Hungry consumers in downtown Pasadena, Calif., can now get their next quick bite to eat cooked by robots.
Miso Robotics has teamed with Cali Group and PopID to recently launch CaliExpress, an autonomous burger restaurant.
The eatery uses Miso’s propriety technology to automate the grill and fry stations, while PopID takes orders and payments through kiosks. It also offers personalized order recommendations and a facial recognition payment option.
For the menu, the restaurant keeps it simple, comprising burgers, cheeseburgers and fries. When a customer orders a burger, the grill robot grinds beef in real-time, right after the order is placed. This creates “freshly crafted burgers featuring a wagyu blend at competitive prices, rivalling other premium burgers using conventional meat,” Cali Group wrote in a statement.
Meanwhile, Flippy, the renowned robotic fry station will cook up crispy fries. Although Miso has deployed Flippy in chains like White Castle and Jack in the Box across the country, this is a first for the company in setting up its own restaurant to be fully automated.
“AI-powered robotic order-taking and cooking enable major chains that feed America to substantially improve quality, consistency, and speed,” said Rich Hull, CEO of Miso Robotics.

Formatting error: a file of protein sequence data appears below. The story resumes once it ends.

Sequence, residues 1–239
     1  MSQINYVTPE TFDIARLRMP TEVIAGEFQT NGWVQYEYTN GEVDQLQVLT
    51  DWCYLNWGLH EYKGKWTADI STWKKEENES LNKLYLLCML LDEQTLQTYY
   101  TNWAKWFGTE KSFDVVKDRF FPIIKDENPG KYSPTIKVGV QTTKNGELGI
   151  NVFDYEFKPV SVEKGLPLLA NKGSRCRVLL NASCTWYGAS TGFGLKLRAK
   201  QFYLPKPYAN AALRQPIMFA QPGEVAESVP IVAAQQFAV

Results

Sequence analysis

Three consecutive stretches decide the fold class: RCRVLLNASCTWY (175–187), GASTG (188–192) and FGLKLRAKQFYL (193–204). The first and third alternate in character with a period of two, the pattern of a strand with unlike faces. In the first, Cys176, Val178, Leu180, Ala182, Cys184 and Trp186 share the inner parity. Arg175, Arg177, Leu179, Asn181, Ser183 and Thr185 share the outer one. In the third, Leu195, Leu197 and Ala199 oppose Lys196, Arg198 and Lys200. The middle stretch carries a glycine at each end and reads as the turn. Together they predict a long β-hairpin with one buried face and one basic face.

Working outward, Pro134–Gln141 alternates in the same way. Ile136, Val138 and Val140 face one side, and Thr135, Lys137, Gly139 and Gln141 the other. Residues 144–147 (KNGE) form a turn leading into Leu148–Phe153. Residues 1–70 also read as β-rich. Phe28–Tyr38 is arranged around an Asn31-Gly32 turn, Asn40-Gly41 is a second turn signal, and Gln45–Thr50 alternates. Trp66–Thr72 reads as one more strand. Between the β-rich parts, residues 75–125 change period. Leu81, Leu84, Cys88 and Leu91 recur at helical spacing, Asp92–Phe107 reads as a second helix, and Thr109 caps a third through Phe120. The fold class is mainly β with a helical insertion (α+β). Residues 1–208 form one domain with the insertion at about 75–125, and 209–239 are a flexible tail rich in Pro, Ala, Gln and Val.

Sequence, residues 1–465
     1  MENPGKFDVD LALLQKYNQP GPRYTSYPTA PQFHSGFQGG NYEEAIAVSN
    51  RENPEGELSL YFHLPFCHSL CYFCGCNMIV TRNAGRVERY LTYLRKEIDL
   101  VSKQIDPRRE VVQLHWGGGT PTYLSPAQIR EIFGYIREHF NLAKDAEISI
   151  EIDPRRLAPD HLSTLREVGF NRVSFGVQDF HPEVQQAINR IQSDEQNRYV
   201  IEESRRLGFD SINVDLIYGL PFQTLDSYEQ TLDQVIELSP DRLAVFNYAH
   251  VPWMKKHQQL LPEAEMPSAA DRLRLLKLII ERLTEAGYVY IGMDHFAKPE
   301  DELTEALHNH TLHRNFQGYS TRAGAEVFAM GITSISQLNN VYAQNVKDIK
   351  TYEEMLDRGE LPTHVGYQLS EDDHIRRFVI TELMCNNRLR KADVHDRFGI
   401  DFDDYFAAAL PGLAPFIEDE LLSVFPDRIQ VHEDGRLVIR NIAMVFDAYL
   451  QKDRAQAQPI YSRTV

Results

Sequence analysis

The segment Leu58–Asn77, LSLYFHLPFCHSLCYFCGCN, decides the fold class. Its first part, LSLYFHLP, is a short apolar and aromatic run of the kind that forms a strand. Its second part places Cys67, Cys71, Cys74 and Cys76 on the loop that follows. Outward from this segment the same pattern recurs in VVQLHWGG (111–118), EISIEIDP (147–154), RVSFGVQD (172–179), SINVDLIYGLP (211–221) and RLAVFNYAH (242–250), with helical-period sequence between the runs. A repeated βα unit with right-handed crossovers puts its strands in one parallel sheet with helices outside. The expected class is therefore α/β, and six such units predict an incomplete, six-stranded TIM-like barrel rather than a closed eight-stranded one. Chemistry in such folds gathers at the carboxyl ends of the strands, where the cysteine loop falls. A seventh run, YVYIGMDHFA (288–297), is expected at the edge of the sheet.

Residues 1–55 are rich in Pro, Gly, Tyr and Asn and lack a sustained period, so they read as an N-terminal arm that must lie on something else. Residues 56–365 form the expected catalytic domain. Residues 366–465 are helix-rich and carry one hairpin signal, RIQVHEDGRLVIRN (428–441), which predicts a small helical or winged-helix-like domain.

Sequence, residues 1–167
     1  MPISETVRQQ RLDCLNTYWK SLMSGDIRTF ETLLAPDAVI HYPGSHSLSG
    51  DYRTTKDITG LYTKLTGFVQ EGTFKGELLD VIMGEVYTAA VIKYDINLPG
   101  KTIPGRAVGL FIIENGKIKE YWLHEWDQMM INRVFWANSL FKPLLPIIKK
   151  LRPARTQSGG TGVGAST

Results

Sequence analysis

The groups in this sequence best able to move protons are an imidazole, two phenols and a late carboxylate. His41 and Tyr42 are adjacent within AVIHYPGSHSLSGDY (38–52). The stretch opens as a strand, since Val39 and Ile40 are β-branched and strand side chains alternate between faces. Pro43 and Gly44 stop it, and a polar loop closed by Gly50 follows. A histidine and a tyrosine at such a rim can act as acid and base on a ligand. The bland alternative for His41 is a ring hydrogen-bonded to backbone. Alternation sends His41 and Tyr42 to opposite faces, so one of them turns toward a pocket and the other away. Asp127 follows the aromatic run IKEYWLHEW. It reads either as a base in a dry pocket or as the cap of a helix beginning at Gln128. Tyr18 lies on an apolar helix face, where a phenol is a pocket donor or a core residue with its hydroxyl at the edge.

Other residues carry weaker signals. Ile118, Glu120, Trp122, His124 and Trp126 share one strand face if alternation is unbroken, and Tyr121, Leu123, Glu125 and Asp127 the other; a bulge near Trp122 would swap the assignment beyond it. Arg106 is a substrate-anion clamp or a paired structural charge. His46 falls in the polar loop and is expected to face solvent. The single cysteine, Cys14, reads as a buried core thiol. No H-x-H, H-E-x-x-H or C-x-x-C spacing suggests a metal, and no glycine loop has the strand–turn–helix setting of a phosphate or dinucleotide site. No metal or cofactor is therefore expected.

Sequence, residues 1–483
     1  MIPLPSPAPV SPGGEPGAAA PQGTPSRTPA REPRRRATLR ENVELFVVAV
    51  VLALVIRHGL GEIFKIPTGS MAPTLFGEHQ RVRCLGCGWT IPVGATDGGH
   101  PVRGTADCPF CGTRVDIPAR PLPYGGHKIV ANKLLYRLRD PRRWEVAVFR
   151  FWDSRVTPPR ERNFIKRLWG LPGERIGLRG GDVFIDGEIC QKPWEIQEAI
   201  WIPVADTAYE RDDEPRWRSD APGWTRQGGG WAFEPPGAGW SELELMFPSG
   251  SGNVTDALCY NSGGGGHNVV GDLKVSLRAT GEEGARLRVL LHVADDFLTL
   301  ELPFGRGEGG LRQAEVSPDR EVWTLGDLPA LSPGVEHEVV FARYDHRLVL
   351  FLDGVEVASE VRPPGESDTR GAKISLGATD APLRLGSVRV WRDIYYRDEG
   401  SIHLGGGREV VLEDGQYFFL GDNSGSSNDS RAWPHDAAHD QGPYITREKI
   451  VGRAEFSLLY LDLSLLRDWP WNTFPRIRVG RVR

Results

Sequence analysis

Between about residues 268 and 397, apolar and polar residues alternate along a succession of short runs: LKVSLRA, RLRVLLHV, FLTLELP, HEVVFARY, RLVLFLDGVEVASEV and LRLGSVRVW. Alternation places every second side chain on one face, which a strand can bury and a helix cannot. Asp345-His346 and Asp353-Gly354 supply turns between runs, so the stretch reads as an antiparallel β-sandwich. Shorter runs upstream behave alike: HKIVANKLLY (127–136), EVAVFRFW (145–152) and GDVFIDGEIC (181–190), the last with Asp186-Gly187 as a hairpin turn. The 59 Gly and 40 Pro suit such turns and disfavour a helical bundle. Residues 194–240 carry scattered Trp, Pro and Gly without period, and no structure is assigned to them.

“Miso is proud to partner with Cali Group and PopID to make CaliExpress by Flippy a reality. Flippy has been an incredible success story, and now everyone in Southern California can come take a look and a taste for themselves.”
Human employees will still be present at CaliExpress, but only a few, to pack the food and assist customers when needed.
Inspiring next-gen kitchen AI
CaliExpress joins several other robot-staffed, fast-casual concepts. Remy Robotics, for example, launched an autonomously-ran restaurant concept in NYC, while chains like Sweetgreen continue to test new technologies to automate back-of-house tasks.
As these advancements in kitchen innovation continue, Miso states it aims for CaliExpress’s design to inspire the next generation of kitchen AI and automation entrepreneurs. Adding that the restaurant is meant to serve as a “pseudo-museum experience” featuring dancing robot arms from retired Flippy units, experimental 3D-printed artifacts from past development, photo displays and more.
The companies encourage local schools and educational groups to reach out for tours.